The clay of interpretation 

Artist Vinod Daroz’s latest works capture his contemplative journey with ceramics throughout his career 
Benevolence’ is sculptor Vinod Daroz’s epiphany through the exploration of art
Benevolence’ is sculptor Vinod Daroz’s epiphany through the exploration of art

Benevolence’ is sculptor Vinod Daroz’s epiphany through the exploration of art. He borrows from the eternal greats, and inscribes quotations by the likes of Vincent van Gogh, Leonardo da Vinci, Salvador Dali, MF Husain, Amrita Sher-Gil, Atul Dodiya and Bharti Kher on ceramic bars to establish why art is indispensable to society. The gold-coated trapezoids are held in place by hand-shaped wall-mounted sculptures. “These relics, cradled in the human hand, symbolise the weight and significance of profound insights shared by these visionary artists throughout history,” says Daroz.

Vinod Daroz

Kristine Michale, the curator of Immersive Infinities, where the flamboyant, yet introspective piece was exhibited, says the show intended to tap into “an emotional memory or truth—both literally and metaphorically”. All of Daroz’s works seem to be tailor-made to fit the theme. Take, for instance, the Nurturing series. It features nine similar hand-shaped and colourfully glazed pieces on the walls. Arranged in a horizontal row, each of the open palms clutches an ornate egg. A closer look reveals motifs of pupae, butterflies, flowers, pollen—all representative of the “male and female regenerative organs”. The piece, says the Charles Wallace fellow, reiterates the “underlying notions of union”. The origins of the theme, recurrent throughout Daroz’s expression, can be traced back to his visit to Kanchipuram in Tamil Nadu about 15 years ago.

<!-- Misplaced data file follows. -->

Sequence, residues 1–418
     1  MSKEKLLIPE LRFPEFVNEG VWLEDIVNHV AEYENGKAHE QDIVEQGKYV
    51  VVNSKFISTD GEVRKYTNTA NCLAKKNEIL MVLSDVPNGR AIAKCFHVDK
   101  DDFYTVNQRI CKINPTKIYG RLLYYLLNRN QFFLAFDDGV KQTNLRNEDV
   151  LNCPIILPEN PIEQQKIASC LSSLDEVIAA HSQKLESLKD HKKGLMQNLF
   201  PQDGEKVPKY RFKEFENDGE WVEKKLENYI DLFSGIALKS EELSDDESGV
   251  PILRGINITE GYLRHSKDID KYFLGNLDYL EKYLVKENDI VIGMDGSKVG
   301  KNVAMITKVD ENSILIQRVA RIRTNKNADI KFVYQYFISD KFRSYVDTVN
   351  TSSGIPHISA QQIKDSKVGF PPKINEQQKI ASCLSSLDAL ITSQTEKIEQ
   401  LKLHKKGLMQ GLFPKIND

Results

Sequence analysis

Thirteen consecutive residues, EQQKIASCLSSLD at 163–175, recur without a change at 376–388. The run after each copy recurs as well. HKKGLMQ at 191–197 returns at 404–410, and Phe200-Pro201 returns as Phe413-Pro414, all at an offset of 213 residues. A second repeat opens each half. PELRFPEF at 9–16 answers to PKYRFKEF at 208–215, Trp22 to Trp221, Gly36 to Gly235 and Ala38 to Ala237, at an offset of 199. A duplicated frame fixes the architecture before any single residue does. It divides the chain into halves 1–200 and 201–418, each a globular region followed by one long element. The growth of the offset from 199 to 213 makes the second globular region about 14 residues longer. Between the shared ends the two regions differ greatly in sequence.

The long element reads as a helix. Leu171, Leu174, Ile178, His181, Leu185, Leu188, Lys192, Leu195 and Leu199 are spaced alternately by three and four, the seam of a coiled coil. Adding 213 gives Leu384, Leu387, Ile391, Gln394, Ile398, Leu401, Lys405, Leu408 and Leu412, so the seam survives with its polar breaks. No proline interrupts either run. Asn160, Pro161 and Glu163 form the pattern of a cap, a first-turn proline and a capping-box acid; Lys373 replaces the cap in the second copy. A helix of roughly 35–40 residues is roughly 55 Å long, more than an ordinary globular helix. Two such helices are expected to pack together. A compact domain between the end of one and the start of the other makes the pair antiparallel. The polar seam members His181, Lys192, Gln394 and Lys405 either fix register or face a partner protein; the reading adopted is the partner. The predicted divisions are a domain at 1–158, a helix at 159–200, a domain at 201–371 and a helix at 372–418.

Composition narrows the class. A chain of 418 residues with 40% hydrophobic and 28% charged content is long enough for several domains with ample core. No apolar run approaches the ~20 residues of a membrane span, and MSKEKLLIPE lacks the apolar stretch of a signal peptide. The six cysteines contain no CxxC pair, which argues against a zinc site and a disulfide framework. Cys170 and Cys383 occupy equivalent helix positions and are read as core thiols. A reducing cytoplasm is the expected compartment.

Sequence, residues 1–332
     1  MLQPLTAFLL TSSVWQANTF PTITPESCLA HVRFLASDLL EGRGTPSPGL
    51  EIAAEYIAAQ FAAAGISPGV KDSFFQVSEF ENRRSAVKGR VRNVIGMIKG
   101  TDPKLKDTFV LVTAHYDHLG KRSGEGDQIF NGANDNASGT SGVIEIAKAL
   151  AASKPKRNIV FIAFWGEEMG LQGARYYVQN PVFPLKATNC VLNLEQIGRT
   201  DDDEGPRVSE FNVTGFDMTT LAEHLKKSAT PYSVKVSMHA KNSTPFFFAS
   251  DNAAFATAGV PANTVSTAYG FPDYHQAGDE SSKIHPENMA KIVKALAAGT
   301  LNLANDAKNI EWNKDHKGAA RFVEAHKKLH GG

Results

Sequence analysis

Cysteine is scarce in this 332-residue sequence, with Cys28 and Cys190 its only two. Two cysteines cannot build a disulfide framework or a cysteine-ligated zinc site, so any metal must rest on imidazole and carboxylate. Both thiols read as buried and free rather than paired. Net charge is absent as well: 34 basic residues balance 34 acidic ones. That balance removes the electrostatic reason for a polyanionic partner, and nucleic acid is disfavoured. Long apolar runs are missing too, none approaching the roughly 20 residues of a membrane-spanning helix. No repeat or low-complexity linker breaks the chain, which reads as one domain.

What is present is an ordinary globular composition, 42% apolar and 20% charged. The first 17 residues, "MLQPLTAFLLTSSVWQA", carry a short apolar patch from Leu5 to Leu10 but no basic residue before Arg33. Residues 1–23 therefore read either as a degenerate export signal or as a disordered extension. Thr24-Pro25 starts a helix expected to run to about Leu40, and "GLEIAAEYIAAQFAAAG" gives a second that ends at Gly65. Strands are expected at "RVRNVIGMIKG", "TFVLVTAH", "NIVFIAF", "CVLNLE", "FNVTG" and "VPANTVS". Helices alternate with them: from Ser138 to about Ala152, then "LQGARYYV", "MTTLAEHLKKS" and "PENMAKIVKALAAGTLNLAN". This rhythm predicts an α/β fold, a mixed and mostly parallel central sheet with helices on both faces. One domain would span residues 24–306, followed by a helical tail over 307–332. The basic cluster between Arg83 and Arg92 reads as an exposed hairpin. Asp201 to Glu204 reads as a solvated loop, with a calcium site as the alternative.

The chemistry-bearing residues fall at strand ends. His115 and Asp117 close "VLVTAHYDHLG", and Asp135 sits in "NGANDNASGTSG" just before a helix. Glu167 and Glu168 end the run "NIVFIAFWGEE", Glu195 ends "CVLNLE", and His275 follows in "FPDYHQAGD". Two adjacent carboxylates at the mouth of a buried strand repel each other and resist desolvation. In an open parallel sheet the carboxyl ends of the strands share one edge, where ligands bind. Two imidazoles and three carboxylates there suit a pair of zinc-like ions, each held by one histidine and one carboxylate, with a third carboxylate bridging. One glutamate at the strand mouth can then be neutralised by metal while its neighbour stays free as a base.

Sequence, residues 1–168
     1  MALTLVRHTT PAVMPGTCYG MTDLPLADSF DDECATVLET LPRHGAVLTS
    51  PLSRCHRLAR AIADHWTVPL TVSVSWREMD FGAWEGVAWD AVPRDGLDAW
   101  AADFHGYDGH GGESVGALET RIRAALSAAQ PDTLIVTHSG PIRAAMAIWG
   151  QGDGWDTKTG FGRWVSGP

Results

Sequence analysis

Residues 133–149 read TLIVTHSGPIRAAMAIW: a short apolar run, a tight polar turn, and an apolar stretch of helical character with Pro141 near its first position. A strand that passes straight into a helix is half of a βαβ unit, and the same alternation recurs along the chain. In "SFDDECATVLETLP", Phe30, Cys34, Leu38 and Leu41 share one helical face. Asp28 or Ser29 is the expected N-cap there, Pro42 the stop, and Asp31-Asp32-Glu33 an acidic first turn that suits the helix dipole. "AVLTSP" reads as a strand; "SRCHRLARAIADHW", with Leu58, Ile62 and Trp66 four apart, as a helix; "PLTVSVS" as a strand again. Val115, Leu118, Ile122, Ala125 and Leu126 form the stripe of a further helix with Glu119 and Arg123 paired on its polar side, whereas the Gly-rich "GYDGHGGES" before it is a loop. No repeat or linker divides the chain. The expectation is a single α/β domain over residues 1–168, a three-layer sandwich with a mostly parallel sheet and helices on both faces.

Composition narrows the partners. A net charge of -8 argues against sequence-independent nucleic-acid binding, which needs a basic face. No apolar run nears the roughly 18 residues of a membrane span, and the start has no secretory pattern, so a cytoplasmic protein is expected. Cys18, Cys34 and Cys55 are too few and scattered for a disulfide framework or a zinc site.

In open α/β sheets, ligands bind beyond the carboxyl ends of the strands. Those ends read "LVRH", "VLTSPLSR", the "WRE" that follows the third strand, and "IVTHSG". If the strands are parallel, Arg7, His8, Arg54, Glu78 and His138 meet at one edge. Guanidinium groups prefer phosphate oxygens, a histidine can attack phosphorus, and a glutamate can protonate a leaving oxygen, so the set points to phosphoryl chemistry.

“I was inspired by the murals and sculptures there, including those which combine the male and female forms. I decided to simplify the idea and convey my thoughts through them,” he says.  Daroz began his career as a student of sculpture at Baroda’s MS University. His identity as a ceramic artist, however, was cast only several years later. “I never thought I would do this. Ceramics was an optional subject in college. I would only attend the classes because working at the potter’s wheel was meditative. It was like a stress-buster for me,” he says. He was fascinated with the range of colours that could be expressed through the medium. Doing his MFA in Ceramic Sculpture was a natural progression.

The contemplative effect clay evoked in him years ago led to subsequent visits to various South Indian temples and gradually became integral to his work. The hand motif in another installation, titled Reverence, is an example of this transition. The palms hold an object that resembles a hibiscus flower, reimagining the process of paying obeisance in sacred rituals. Daroz’s representation though is more philosophical than religious. “It symbolises the act of giving, whether it is knowledge, respect or anything else,” he reveals. Daroz is a man of his art, inspired by the soul of the earth’s tabula rasa.

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